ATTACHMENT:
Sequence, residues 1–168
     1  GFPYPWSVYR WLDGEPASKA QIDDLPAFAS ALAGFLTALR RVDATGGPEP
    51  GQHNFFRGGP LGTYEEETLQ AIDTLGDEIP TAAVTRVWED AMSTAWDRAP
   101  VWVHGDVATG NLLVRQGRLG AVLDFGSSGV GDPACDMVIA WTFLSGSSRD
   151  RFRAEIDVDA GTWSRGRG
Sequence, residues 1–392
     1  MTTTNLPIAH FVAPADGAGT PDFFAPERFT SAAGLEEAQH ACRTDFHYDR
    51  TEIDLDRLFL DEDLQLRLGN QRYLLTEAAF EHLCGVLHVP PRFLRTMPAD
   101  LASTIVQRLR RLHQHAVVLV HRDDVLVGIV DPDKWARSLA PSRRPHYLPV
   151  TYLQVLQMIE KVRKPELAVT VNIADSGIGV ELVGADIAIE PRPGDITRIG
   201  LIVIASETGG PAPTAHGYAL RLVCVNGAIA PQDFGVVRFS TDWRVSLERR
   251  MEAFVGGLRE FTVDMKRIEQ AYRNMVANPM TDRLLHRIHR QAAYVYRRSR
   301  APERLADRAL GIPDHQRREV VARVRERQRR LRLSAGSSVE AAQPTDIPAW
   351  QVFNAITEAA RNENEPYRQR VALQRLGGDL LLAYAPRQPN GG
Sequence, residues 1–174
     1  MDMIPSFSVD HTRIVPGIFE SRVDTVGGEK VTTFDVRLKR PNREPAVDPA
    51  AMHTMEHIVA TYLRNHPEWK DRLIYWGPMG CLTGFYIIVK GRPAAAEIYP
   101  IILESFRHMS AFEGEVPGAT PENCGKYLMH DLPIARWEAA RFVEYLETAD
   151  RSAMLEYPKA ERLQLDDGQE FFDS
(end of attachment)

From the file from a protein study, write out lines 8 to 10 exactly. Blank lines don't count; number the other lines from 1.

    51  TEIDLDRLFL DEDLQLRLGN QRYLLTEAAF EHLCGVLHVP PRFLRTMPAD
   101  LASTIVQRLR RLHQHAVVLV HRDDVLVGIV DPDKWARSLA PSRRPHYLPV
   151  TYLQVLQMIE KVRKPELAVT VNIADSGIGV ELVGADIAIE PRPGDITRIG